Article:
Creativity and innovation are the keys to designing and pioneering sustainable economic and social solutions to the complex problems of poverty. At the Aga Khan Foundation, we work to harness the creative potential of the communities we serve to develop innovative solutions to the challenges they face.
AKF’s flagship education programme – Schools2030 – is one such example. School2030 provides a platform for teachers and students to design, create and implement education innovations. The best of these grassroots innovations then go on to inform and transform macro-level education systems with the aim of ultimately improving holistic learning outcomes for the most marginalised learners worldwide.
Let’s look at some of the innovations that have been developed by educators and students through this programme…
Migrant storytelling workshops – Kyrgyzstan
In Kyrgyzstan, many parents have to travel long distances away from their families – sometime abroad – to earn an income. These workshops aim to bridge that distance by asking migrant parent to tell a story to children via video-link each week. As they are unable to be present with their children for much of the year, this helps children feel connected to their parents and provides an opportunity for parents to be involved with their education. Teachers work with parents to prepare, helping select suitable stories and provide them with effective and interactive storytelling techniques. Parents can also conduct exercises with children related to the story content to improve the child’s engagement.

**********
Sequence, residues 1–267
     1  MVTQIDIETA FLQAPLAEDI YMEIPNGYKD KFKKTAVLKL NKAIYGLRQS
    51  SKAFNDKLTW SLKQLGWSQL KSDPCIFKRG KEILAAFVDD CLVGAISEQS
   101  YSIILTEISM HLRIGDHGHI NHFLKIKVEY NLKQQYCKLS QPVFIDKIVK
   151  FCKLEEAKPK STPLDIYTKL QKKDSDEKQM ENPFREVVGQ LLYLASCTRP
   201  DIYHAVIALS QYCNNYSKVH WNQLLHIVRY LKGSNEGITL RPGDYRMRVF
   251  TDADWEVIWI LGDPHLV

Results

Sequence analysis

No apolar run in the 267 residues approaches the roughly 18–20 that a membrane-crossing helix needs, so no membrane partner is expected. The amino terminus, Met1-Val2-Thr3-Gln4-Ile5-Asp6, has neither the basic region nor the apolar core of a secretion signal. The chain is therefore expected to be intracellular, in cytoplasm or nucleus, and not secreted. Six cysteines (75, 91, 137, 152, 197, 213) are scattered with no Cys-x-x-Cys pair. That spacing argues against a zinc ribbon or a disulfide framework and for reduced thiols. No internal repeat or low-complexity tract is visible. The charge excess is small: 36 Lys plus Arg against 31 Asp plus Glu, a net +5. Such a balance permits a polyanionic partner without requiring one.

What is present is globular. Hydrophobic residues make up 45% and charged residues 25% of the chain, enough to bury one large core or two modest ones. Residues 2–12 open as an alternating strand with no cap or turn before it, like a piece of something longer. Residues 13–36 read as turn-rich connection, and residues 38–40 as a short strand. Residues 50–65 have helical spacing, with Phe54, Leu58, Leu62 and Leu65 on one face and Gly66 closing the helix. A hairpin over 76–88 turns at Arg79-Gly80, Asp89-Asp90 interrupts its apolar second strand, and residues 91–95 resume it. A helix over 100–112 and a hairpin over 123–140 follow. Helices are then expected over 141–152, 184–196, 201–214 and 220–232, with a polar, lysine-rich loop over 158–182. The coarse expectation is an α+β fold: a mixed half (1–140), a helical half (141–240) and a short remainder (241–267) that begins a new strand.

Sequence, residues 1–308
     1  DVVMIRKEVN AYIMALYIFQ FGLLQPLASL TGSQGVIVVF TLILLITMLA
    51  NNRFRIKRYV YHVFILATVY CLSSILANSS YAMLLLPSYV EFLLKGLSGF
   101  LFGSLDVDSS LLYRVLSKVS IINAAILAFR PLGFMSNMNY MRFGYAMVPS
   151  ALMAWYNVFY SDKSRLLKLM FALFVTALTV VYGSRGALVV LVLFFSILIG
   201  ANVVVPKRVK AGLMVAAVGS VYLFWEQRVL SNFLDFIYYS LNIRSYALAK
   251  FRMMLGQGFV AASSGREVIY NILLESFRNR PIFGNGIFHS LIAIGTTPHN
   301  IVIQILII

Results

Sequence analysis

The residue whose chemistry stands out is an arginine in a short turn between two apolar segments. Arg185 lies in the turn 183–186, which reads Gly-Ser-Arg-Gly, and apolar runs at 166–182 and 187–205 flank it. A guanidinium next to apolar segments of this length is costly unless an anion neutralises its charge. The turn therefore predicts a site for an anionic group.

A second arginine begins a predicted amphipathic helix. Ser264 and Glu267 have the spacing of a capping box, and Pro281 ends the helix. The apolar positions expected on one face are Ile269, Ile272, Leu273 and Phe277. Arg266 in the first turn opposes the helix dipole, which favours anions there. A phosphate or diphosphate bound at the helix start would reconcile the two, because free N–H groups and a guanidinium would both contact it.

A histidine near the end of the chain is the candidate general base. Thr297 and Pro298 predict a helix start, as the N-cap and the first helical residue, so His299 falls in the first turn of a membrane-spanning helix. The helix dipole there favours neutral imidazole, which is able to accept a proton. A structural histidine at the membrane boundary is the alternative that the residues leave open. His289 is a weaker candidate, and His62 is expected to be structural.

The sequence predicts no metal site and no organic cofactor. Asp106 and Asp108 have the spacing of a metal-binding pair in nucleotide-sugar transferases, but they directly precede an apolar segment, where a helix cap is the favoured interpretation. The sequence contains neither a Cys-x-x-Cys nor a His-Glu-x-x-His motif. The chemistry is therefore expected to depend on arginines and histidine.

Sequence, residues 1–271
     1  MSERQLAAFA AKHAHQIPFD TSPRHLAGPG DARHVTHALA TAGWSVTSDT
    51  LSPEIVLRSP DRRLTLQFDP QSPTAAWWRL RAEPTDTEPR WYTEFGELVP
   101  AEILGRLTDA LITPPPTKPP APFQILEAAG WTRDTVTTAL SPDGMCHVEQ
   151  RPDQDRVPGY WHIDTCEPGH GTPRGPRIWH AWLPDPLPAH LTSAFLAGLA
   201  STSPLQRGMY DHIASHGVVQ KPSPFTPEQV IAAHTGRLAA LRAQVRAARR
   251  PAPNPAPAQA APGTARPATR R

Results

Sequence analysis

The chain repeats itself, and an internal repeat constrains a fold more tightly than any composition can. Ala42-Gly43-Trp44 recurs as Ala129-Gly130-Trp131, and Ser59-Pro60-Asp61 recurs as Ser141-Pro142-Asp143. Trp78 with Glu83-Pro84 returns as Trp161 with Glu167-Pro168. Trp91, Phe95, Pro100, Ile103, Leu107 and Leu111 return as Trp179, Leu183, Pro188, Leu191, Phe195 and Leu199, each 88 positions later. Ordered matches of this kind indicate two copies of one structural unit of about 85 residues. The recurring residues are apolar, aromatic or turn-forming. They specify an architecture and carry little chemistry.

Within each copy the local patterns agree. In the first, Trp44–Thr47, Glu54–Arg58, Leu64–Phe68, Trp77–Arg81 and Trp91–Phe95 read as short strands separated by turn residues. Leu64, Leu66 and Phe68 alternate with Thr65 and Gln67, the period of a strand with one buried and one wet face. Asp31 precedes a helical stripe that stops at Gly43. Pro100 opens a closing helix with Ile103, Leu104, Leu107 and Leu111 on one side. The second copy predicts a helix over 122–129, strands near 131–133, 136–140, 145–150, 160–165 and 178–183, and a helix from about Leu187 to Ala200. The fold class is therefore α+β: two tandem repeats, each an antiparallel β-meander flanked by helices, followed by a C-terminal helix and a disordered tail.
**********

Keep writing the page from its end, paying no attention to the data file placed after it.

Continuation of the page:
Learning Walls – India
Learning Walls are simple whiteboards or chart paper set up in remote communities with no access to technology. Each day, a volunteer writes a puzzle or question, encouraging children and the whole community to work together to problem-solve. So far, there are 80 learning walls across Schools2030’s geography in India. For children with very limited access to technology, the Learning Walls were a vital lifeline for continued learning during the pandemic lockdowns.
T-learning model – Tanzania
In rural Tanzania where access to learning materials is limited, educators came up with the ‘T-learning model’ to help pre-primary pupils read and master the 3Rs (reading, writing and arithmetic). Students pick a letter or number card, read them in front of a class and then insert the cards into the T-learning model. The competitive style aims to motivate students in a playful way, to learn and better understand letters and numbers.
Science Clubs – Afghanistan
Afghan students from across different ages and genders can volunteer to take part in an extra-curricular science club. Here, they can engage in a range of activities to support their improved knowledge of how the science they learn in school is applied in real-world situations. One of the activities includes engineering different working machines, for example a washing machine, a cooking stove or a miniature motorbike.